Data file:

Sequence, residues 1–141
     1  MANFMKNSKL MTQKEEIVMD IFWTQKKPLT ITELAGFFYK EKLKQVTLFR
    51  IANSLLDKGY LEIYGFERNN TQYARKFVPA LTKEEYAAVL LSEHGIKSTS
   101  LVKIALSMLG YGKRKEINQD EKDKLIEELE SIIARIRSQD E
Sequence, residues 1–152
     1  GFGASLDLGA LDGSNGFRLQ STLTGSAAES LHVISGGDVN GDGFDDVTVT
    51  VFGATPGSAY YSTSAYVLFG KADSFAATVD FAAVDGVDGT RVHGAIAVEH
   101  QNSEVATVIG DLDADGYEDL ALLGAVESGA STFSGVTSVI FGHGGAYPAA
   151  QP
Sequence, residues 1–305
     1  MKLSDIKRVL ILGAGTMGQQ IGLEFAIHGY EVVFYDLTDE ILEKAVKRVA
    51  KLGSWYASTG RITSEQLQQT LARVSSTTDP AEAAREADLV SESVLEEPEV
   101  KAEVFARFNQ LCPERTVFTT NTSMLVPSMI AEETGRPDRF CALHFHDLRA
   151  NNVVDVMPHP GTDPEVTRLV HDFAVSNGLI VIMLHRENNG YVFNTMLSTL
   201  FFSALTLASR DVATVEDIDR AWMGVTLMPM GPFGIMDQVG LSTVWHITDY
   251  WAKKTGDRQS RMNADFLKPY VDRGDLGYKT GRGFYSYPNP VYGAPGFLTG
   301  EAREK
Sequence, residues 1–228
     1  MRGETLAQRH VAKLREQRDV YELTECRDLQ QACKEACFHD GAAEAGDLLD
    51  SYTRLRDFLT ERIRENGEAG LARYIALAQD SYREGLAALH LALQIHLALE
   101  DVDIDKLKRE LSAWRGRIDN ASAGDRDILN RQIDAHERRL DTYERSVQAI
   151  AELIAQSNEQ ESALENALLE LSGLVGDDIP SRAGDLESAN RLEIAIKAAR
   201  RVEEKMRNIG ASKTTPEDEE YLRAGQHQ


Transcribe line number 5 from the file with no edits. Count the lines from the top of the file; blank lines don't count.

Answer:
Sequence, residues 1–152